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Asian Ideas on Health Promotion and Education from Historical Perspectives of the Theory of Yojo as an Interface of Health, Self, and Society

  • Toshiyuki Takizawa

Abstract

Human health is a phenomenon of cultural and historical action and reaction with nature. Every society has its own system of health care that is reflected by its history and culture. In Asian societies there are three notional and cultural bases of human health preservation: Indian medical thought, Chinese medical thought, and Islamic medical thought. In Asian culture the idea of health is generally based on the recognition that human beings and nature exist in harmony. Asian medical thought aims at acquiring a power of self-preservation or adjustment, which strives to restore any disturbance within the constitution or state of individuals. More fundamentally, Asian health thoughts and practices include a process of self-cultivation. Such ideas are confirmed through the development of social and cultural aspects of each society. Influential religions in Asian societies, e.g., Hinduism, Buddhism, Confucianism, and Taoism, involve a culture of self-awareness and self-evolution. Under these religious doctrines, people increasingly tend toward restraint of materialistic desire, living with an attitude of self-cultivation, leading eventually to the establishment of self-fulfillment and dignity. A typical case exists in the historical and cultural philosophy of health in Japan through the evolution of the concept of Yojo (meaning regimen or diet). This chapter intends to clarify the structure of Yojo from the historical viewpoint of health promotion and education.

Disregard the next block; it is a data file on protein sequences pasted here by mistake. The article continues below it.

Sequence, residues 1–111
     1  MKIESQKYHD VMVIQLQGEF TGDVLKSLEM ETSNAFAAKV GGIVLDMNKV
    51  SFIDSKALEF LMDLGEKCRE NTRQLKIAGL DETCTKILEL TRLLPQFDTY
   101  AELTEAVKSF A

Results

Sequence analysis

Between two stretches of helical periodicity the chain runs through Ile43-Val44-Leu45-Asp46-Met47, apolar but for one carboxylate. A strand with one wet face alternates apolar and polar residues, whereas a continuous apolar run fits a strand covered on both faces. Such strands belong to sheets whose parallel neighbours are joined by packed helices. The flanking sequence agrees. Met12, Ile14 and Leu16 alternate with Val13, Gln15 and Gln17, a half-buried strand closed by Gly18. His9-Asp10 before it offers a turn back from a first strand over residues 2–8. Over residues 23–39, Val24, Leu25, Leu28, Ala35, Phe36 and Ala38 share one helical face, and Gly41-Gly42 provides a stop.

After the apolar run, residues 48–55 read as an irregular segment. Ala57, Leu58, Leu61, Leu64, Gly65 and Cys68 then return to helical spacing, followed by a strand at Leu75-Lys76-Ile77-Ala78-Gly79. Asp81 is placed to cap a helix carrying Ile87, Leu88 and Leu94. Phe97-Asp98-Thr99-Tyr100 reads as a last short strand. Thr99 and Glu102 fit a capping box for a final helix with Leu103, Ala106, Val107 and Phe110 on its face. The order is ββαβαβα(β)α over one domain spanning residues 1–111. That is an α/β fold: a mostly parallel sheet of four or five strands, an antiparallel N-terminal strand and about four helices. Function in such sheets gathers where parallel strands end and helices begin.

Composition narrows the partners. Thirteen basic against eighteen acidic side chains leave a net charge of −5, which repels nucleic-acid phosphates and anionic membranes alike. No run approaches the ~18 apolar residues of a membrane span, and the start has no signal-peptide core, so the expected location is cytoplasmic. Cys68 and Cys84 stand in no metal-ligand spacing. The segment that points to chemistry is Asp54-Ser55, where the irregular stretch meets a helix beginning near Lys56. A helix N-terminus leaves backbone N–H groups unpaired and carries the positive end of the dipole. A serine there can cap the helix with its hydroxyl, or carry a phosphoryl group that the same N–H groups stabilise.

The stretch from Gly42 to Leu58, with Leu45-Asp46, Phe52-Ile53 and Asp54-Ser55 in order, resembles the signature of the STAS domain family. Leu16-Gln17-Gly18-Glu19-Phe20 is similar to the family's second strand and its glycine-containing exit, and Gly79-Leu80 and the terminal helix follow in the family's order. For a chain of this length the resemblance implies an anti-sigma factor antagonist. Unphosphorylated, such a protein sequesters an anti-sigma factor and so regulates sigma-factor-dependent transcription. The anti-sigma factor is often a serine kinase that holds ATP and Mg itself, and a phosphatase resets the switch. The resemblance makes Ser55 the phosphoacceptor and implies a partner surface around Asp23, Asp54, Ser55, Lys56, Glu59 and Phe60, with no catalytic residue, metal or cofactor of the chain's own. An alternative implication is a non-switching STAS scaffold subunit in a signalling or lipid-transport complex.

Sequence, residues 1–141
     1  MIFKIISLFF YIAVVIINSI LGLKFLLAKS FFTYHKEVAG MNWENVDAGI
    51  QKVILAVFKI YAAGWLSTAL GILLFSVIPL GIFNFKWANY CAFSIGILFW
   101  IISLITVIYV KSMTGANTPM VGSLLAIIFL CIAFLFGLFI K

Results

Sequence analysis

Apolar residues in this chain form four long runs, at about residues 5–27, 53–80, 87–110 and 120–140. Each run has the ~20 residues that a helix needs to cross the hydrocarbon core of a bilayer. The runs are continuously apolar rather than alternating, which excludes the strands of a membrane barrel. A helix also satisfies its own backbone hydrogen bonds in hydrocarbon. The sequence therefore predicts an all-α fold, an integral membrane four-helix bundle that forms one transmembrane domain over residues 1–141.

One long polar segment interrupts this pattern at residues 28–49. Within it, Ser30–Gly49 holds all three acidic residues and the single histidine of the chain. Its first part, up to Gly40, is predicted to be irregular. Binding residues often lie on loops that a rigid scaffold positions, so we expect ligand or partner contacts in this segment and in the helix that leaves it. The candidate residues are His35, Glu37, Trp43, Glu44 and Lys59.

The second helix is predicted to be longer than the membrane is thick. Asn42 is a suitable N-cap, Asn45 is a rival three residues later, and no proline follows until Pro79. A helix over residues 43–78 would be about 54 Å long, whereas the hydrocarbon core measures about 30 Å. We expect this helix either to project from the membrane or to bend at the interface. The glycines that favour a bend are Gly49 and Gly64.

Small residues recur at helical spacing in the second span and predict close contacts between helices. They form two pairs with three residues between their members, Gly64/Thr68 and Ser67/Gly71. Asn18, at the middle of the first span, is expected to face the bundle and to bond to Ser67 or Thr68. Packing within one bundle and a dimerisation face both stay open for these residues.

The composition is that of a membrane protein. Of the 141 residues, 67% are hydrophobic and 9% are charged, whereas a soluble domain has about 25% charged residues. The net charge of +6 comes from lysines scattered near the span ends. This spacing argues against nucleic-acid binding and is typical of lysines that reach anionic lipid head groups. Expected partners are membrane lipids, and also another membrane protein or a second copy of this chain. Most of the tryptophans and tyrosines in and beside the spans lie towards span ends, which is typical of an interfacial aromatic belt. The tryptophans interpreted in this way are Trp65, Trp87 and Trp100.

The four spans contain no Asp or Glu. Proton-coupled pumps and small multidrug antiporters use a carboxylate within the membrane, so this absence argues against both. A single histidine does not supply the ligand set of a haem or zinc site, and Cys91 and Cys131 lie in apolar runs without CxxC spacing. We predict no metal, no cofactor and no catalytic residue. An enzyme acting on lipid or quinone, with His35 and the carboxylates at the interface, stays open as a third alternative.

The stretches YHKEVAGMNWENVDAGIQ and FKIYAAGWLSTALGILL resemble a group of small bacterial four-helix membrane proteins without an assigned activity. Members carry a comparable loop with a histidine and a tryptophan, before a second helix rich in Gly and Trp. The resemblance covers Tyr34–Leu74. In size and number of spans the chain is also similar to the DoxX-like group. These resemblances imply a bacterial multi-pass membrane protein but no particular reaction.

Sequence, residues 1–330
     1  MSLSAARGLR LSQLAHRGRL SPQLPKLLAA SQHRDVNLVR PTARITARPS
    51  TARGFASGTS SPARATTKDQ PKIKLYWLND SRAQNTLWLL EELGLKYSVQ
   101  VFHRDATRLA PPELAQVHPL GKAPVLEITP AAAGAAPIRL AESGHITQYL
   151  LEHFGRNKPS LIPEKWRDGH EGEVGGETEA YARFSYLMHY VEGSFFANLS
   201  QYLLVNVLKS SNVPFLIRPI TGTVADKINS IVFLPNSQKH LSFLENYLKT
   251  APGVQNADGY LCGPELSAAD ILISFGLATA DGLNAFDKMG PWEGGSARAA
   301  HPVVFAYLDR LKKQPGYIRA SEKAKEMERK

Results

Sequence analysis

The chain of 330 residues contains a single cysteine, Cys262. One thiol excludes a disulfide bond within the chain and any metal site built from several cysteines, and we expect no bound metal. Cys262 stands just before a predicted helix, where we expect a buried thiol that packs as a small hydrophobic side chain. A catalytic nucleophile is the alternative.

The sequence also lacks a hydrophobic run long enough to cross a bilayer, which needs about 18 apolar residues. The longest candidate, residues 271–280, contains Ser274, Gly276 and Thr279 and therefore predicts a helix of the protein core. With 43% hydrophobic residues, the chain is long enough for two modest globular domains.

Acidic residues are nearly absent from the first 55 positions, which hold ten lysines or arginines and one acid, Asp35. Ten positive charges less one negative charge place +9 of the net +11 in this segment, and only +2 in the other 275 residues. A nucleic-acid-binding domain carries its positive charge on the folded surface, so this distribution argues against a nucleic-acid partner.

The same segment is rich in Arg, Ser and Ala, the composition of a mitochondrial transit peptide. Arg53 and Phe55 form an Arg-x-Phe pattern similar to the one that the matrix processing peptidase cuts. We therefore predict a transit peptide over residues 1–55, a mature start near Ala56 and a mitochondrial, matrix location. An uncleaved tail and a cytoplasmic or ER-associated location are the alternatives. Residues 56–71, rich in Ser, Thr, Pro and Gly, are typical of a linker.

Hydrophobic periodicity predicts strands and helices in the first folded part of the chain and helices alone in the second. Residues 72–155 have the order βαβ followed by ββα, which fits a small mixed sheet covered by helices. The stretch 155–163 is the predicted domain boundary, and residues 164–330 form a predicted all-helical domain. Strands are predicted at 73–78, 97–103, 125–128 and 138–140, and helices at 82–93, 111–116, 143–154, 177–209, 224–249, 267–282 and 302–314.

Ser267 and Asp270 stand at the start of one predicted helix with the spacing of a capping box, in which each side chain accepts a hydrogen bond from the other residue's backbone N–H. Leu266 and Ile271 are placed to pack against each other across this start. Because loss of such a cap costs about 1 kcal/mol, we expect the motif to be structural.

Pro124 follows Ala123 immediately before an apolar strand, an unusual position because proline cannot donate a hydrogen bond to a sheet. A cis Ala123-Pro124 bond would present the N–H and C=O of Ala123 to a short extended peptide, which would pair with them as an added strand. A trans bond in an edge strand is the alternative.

Keywords

Traditional Chinese Medicine Asian Society Personal Health Care Medical Thought Mental Stability 
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References

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Copyright information

© Springer 2011

Authors and Affiliations

  1. 1.Department of Public HealthIbaraki UniversityMitoJapan

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